A megohm is a unit of measurement that describes electrical impedance. Meg- is a slightly shortened prefix for mega, which is 1x106; -ohm is the basic unit, which is represented by the Greek letter omega (Ω). A megohm, therefore, is an impedance measurement that represents one million ohms. An ohm relates a system’s resistance to passing one ampere of current between two points of a conducting medium, such as a copper wire, that is held at a constant one-volt potential. This is the basis for Ohm’s Law, named for the German physicist Georg Simon Ohm who first developed this relationship between the most basic elements of electricity in 1827.
The ohm is the most widely accepted unit of measurement for electrical impedance by the International System of Units (SI). Electrical impedance is also commonly referred to as resistance, though this actually is only applicable in the case of direct current (DC). Ohm’s Law can be represented by the equation V = IR — V equals voltage that is measured in volts, I equals current that is measured in amperes, and R equals resistance of the conductor.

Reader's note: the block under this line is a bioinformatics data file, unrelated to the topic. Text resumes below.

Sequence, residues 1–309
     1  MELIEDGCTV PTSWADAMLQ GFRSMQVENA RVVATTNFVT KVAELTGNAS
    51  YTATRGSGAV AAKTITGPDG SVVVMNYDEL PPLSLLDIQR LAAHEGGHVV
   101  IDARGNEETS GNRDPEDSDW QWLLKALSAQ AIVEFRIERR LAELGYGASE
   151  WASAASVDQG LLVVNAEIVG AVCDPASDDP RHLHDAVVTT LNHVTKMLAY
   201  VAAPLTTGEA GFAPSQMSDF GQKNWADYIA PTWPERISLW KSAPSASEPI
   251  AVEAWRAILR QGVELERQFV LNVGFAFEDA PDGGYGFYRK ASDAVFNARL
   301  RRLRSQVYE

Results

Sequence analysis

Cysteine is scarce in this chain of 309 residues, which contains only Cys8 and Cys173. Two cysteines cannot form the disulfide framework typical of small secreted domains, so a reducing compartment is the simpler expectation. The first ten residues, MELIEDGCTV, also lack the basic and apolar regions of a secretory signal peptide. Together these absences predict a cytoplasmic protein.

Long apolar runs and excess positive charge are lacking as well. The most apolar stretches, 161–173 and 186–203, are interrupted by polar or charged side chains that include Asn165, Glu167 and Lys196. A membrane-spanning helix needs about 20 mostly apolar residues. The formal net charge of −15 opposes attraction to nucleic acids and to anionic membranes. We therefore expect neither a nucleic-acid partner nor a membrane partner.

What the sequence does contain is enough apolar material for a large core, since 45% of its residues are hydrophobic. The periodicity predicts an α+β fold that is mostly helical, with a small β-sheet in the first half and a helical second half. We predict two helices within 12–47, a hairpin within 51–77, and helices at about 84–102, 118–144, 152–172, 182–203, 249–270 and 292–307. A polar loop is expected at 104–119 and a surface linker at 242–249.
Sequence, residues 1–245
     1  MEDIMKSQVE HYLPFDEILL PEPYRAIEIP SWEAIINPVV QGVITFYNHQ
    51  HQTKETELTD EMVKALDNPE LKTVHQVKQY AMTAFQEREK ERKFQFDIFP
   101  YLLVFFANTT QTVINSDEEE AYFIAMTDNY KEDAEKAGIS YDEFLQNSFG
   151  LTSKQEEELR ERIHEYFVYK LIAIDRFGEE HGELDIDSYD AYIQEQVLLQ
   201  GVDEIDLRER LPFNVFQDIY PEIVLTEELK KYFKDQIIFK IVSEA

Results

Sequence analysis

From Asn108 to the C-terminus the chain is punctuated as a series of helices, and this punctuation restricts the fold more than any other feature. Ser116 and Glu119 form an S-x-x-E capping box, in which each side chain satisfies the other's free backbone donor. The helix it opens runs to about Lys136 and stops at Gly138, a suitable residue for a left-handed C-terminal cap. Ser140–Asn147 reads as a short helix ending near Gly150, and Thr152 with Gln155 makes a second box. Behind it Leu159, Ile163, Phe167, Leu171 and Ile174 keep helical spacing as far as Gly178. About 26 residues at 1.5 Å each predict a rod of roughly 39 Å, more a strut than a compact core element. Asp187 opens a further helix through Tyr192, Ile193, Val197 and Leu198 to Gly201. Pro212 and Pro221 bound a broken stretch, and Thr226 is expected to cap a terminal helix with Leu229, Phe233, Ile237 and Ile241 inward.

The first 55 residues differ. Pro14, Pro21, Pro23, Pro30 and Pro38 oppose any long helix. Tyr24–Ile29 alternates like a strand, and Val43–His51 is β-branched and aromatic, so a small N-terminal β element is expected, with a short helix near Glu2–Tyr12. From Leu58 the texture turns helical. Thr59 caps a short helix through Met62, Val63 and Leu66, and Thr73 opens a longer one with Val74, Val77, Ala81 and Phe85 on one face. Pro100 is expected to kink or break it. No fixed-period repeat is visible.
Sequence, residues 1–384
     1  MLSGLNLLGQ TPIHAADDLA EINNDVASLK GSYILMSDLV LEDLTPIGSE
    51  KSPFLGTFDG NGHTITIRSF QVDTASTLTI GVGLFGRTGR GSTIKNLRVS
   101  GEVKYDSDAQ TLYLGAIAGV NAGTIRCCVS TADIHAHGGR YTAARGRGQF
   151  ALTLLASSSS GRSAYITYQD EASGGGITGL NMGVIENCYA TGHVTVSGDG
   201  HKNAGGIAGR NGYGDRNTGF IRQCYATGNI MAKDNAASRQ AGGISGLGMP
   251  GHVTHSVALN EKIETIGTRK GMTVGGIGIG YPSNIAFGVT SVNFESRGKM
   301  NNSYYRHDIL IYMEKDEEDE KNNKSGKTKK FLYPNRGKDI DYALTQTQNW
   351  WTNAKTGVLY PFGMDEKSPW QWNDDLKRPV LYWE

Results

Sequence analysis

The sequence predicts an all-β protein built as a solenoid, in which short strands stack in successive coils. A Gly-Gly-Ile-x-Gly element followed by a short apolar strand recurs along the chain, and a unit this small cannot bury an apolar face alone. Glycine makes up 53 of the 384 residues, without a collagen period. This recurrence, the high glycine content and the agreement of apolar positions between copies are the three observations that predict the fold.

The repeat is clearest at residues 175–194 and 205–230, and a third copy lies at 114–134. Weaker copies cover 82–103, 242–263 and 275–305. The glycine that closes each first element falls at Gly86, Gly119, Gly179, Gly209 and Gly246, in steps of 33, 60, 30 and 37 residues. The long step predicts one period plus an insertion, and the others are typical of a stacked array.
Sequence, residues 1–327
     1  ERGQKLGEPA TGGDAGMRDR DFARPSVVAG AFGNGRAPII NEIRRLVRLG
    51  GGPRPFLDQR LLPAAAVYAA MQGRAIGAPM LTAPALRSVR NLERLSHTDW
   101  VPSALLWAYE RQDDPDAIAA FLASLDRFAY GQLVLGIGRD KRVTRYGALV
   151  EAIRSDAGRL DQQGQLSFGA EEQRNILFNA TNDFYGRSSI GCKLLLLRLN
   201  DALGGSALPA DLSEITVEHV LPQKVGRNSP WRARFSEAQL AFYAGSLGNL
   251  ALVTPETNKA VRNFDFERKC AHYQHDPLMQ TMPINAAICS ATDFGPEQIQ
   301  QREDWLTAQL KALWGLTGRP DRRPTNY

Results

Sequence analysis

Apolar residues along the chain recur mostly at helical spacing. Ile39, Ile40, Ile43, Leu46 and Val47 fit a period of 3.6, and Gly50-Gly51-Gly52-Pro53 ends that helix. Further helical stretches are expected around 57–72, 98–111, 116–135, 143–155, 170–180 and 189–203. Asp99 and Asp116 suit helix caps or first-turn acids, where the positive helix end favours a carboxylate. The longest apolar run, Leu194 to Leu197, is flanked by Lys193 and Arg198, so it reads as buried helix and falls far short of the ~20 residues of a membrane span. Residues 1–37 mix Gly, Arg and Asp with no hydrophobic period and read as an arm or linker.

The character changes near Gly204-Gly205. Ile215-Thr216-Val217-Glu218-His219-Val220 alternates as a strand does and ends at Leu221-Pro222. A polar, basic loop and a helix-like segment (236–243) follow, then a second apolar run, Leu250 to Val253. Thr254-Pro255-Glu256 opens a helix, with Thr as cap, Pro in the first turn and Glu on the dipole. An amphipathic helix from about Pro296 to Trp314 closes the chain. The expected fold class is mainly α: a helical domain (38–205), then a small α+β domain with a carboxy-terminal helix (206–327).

When Ohm developed what would later be known as Ohm’s Law, he was scoffed at by colleagues and dismissed in ridicule. It would take six years to gain acknowledgment for his discovery, though he had proven that the amount of current passed through an object was directly proportional to the voltage across the material at a fixed temperature. This empirical observation performed by Ohm in 1827 provided the basis for understanding electrical circuits.
The unit of proportionality in the relationship between voltage and current is the one now bearing Ohm's name. In highly resistive circuits, the ohm is often substituted with the megohm when single ohms are not an applicable scale. Consequently, a megohm test is often used to discover the condition of a system’s insulation, also called an insulation resistance test, where the goal is to maintain a highly resistive path, such as in a refrigeration compressor.